At a little after eleven, we spot a fire up on the bank. It’s surrounded by a group of campers. We hail them and they’re surprised. Someone shines a flashlight at a spot where we can easily get the boats to shore. After pulling the boats on shore, we walk over to their campfire and ask if one of them would be willing to drive us to the car. “I’d love to, man,” one of them said, “but we’re all shit-faced, we’ve been drinking all day.” Looking around, it’s evident he’s telling the truth. Only a few of them are awake, several more are asleep, or more likely passed out, lying next to the fire. Since B’s vehicle is at the bridge, I suggest he and I hike back to get the car. “Maybe we’ll get a ride,” I suggest. We start walking up to the highway and through the town of Germfask. Only two cars pass us, but no one stops. Coming back, we clock it at 1.7 miles from the bridge to the campground. We quickly load the boats onto B’s trailer and drive back into Seney. It’s now midnight.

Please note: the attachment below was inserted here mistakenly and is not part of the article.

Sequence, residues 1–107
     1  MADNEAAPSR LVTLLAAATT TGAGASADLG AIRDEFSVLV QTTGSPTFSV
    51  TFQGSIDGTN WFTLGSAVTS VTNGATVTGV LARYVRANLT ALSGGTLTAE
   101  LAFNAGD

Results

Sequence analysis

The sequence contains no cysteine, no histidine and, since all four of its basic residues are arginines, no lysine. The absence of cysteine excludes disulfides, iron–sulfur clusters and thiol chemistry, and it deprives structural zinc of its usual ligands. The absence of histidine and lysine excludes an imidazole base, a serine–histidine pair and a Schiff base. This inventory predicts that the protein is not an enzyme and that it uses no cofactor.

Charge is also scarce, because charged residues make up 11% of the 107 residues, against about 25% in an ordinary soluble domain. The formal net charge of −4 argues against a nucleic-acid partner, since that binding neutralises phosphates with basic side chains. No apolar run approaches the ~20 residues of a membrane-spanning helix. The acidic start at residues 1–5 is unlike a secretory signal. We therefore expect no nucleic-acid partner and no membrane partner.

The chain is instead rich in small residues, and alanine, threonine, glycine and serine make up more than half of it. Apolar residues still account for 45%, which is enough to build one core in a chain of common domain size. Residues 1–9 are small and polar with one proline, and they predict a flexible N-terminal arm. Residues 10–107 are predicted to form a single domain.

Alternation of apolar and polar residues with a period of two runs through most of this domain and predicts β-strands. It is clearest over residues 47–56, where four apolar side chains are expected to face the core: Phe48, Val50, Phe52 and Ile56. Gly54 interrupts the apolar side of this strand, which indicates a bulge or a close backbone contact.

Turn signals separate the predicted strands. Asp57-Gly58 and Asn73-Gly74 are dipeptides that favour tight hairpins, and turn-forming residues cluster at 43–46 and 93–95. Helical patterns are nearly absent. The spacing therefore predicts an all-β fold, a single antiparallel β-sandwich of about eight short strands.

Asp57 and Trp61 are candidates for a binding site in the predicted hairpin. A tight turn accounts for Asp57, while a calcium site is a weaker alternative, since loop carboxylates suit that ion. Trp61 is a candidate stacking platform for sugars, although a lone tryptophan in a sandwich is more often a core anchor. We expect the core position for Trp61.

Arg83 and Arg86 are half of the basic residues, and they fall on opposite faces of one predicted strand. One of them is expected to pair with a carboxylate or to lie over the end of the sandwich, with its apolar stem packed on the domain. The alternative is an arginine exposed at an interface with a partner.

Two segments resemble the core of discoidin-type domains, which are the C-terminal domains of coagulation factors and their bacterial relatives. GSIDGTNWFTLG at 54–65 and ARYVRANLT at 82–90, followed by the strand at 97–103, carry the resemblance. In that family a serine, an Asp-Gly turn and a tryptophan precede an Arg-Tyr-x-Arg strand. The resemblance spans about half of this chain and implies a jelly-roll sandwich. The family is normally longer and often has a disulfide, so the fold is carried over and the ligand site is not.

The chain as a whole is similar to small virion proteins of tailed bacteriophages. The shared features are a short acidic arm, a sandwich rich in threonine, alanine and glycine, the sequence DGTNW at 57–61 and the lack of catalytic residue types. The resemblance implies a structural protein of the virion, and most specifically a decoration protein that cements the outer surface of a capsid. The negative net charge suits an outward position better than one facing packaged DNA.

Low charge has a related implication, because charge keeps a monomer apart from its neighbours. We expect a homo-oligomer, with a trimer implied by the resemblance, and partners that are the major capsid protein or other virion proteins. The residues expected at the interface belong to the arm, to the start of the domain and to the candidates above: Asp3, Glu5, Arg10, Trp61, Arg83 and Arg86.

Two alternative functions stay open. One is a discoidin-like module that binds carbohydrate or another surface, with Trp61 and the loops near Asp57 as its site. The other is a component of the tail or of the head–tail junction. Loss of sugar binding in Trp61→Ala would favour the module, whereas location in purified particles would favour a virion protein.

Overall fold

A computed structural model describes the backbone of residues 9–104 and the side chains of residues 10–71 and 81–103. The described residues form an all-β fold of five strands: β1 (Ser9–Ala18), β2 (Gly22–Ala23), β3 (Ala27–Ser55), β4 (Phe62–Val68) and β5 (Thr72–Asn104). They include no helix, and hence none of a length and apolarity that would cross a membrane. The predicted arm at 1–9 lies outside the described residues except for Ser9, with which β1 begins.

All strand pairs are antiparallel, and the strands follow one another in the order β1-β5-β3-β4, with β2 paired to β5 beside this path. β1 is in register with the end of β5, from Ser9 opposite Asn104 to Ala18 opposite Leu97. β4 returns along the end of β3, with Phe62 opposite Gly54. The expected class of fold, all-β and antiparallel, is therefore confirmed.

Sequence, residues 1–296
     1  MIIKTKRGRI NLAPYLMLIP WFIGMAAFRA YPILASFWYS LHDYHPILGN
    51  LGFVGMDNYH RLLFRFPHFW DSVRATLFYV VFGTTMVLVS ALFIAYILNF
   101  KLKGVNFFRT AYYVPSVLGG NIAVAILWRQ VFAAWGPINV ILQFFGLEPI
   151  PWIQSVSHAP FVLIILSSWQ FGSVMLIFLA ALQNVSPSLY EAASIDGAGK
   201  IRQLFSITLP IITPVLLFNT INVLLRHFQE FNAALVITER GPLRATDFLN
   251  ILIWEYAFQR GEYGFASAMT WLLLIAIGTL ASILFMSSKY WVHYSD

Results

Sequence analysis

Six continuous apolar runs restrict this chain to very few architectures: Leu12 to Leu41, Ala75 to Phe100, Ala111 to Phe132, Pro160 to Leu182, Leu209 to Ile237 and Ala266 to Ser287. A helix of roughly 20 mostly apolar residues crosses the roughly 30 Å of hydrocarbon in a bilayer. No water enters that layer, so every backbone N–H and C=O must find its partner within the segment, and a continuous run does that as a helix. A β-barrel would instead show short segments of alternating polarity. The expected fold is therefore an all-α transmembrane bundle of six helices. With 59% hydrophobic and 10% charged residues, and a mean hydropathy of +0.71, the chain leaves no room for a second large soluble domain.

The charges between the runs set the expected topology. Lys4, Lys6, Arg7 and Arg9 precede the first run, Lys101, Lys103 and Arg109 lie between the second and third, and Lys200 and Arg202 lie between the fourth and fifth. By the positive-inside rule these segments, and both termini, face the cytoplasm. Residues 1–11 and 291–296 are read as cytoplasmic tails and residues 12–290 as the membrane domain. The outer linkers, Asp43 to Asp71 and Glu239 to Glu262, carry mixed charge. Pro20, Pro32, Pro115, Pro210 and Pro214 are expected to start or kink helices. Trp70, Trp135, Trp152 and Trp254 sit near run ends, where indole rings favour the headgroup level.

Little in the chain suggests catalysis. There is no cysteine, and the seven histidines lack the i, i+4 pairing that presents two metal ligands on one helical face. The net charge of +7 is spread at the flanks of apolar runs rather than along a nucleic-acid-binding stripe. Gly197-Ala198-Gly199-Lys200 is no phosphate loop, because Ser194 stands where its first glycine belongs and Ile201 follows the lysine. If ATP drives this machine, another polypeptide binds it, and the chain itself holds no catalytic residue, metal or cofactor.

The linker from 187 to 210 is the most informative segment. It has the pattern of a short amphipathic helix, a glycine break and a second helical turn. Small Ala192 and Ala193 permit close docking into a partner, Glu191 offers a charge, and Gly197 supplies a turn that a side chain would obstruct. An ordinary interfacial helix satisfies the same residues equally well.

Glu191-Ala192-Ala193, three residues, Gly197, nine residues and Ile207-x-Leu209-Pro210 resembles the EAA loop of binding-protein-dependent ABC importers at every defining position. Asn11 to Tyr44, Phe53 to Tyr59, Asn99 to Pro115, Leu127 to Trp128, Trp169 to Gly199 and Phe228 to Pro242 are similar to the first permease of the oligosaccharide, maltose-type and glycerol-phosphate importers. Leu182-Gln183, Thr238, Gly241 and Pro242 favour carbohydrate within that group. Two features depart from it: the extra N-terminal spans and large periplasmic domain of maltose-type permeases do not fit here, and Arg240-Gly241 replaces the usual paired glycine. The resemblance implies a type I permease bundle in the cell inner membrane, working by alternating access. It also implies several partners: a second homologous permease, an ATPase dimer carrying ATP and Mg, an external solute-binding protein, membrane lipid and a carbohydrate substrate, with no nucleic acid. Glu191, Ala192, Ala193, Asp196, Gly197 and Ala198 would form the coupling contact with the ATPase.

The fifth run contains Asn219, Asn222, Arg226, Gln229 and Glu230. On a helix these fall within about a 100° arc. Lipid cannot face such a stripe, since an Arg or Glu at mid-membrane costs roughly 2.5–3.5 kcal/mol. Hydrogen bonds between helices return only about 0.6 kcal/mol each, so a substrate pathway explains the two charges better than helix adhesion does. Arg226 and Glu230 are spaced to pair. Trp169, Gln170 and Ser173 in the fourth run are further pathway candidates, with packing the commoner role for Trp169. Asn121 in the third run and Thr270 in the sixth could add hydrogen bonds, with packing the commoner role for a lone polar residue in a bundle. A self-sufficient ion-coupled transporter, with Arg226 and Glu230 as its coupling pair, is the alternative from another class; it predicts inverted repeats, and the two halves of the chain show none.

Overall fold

Not feeling up to cooking up fish, we head to the Seney Bar, the only place open in town. A few patrons sit at the bar, another couple are shooting a game of pool. We asked the bartender if we could get something to eat as we’d just come off the river. He confides that the cook left at 10 but offers to bake us some frozen pizzas. We ordered a couple and some beers. Hearing that we’d just gotten off the river, everyone in the joint begins to ask us about our trip while Joe hustles a few games of pool. One guy suggests he’d allow at least 12 hours for paddling the stretch we did. Someone else digs out a fishing guidebook, whose author suggested to allow 11 hours for just paddling and that if one wanted to fish, to make it a two-day trip. We agreed with that estimation and long to ring the neck of the author of the canoeing guidebook. Now that we’re safe, we laugh and enjoy another beer.
About 1 AM, we head back to the campground north of town. The others sleep in their vehicles. I quickly throw up my bivy tent, crawl in and crash. Five hours later, at 6 AM, I wake to the crash of close lightning. The wind is howling, breaking off limbs, and the clouds open, sending a deluge of rain. I debate making a run for my truck but decided to stay. I was warm and if a bolt hit the tree under which I was sleeping, I’d never know it. I watch the spectacular lightning show for a few moments, then fall back asleep thinking that it was good we didn’t spend the night on the river.